Here are some more of the paintings. While I can imagine them translated into glass, they also remind me of either some sort of cute space creatures, maybe in a computer game, or germs or something similar observed under the microscope. Either way, they look rather whimsical, although perhaps germs wouldn’t be considered whimsical. Put “whimsical” with the cute space creatures.

There’s a communal table of similarly shaped sculptures but in a variety of colors and levels of transparency. If you look in the background, you’ll see our next destination, although we’ve already ventured into that room.

Although the sculpture (which seems a poor word for such a brilliant creation) is stunning on its own, I found the reflections to be equally dazzling. LLook closer and see if you agree. I could hardly bear to leave this room even though the next room was at least as spectacular and I use that term deliberately.

Jo’s Monday Walk

Six Word Saturday 1.8.22

The Desert Botanical Garden in Phoenix is wonderful on its own but throw in glass creations by Chihuly (whoops, “throw” is probably a bad word around glass) and you ratchet up the descriptive scale to superb, awesome, amazing, etc. I loved the 2014 installation so I was excited to see another starting toward the end of last year and when my husband finally had a day off, away we went, purchasing a year’s membership the night before.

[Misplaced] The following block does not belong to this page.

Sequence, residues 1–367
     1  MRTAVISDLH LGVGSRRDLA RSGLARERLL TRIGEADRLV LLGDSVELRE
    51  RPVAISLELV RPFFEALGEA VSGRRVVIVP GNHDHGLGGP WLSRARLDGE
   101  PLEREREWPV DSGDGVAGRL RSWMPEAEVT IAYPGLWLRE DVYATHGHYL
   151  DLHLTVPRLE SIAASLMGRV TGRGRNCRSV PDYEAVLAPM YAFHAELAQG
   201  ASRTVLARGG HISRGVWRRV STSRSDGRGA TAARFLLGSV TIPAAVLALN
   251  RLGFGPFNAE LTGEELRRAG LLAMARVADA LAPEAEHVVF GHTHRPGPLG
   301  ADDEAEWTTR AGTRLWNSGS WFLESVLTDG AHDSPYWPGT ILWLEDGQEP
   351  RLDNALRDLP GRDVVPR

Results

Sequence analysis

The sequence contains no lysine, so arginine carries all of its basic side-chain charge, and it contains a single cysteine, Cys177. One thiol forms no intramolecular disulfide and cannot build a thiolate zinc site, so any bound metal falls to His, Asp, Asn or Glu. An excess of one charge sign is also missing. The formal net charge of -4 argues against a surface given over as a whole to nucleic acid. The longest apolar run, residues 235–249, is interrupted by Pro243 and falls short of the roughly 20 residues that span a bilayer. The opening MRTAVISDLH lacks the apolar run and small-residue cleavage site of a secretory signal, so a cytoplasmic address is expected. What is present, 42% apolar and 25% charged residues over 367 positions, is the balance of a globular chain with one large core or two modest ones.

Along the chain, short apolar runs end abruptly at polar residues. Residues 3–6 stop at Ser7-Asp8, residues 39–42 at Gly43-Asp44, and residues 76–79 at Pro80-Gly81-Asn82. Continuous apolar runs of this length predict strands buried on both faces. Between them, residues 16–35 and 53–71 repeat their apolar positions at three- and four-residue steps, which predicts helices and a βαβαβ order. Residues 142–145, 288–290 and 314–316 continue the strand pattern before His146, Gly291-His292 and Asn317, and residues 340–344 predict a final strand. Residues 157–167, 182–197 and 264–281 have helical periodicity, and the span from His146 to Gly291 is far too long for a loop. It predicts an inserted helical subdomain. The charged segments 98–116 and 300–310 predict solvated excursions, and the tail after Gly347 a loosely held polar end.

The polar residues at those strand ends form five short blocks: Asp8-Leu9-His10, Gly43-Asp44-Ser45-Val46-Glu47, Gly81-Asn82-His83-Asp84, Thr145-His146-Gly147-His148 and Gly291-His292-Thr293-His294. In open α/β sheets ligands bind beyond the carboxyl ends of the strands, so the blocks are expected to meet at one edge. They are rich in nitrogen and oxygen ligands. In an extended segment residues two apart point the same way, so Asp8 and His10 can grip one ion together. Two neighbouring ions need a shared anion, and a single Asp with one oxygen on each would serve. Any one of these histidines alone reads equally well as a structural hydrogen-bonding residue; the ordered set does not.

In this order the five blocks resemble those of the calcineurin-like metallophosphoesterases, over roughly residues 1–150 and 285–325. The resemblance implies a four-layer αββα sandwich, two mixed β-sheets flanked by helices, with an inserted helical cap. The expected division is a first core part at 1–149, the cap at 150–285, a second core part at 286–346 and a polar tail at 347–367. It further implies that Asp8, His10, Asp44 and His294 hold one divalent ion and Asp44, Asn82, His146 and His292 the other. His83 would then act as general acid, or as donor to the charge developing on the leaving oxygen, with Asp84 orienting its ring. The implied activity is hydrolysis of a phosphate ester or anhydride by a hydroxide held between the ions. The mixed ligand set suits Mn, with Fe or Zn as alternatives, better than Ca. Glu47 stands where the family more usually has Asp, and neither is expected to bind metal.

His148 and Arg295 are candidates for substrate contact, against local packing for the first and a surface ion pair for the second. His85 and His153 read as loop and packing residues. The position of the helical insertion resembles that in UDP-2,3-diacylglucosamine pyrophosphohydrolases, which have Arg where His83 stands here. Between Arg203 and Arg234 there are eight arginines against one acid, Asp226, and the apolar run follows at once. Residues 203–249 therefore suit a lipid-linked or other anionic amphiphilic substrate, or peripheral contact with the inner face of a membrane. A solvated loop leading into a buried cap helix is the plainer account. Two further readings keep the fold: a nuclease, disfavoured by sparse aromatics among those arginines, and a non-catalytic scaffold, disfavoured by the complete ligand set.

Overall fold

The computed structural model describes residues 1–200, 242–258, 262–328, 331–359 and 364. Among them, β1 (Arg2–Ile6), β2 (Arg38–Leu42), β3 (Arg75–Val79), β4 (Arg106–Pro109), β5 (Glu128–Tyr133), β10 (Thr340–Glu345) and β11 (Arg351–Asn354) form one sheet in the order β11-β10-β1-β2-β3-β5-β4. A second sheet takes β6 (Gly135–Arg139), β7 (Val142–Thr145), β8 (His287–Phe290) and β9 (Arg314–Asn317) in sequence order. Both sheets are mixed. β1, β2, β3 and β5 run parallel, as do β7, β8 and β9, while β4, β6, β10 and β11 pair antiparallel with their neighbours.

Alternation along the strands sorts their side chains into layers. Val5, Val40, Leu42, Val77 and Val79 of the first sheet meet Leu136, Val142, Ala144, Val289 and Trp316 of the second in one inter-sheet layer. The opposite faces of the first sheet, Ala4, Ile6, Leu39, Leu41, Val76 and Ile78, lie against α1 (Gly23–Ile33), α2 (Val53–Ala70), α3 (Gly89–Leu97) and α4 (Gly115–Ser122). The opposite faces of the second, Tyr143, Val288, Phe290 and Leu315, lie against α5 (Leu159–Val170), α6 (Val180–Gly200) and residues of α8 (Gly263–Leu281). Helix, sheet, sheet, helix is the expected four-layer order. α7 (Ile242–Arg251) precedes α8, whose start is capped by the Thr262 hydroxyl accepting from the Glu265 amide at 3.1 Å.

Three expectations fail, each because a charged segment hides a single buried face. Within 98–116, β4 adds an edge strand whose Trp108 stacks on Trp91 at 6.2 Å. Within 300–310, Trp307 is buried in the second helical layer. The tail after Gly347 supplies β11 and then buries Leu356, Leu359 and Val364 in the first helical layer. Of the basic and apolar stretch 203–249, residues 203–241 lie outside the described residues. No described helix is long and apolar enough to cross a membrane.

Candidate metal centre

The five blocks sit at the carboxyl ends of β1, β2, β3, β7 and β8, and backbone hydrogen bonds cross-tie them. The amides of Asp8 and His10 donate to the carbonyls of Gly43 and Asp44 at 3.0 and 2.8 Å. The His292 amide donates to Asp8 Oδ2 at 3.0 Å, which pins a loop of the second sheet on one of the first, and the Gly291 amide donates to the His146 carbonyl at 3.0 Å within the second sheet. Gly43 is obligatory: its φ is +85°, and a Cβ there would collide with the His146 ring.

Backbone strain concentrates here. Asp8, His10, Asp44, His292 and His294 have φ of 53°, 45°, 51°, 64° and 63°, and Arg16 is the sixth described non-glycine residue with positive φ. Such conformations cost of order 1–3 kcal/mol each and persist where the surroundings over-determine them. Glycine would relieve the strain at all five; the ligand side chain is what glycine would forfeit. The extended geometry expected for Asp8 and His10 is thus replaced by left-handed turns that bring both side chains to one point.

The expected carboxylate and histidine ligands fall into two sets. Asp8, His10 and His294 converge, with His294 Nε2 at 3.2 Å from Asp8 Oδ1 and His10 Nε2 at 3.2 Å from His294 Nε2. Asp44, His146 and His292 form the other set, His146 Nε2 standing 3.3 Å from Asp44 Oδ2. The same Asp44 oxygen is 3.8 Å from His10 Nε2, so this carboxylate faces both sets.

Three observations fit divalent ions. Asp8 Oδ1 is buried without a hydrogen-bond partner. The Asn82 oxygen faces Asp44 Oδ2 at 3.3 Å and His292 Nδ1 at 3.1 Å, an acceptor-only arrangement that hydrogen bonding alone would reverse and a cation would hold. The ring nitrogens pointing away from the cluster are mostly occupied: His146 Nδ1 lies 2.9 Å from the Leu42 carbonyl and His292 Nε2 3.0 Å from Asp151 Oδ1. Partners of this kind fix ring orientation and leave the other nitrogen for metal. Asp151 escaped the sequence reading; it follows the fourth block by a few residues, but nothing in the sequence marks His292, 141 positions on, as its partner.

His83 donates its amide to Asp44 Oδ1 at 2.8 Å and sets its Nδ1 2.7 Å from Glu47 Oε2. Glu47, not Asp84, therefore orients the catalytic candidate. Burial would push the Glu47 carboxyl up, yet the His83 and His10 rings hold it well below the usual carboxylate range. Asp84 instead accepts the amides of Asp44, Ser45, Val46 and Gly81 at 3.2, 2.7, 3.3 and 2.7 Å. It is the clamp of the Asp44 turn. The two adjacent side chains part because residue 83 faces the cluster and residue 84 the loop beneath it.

These three creations are permanent in the Garden, greeting visitors throughout the year. They’re quite tall, the better to turn the ever-present sun into a myriad of sparkles.

Most pieces are scattered along the paths that wind through one section of the garden but there’s also a gallery collection indoors. We’ll start there with these glorious creations. Not sure what you’d call them but wouldn’t you love to have one somewhere in your house? (Only if you don’t have children or wild parties!)

I didn’t know Chihuly did art but my guess is that these end up being translated into glass. My husband, who doesn’t like modern art, loved these.

There’s a lot more to see and we’ll see it over these next days. Stay tuned.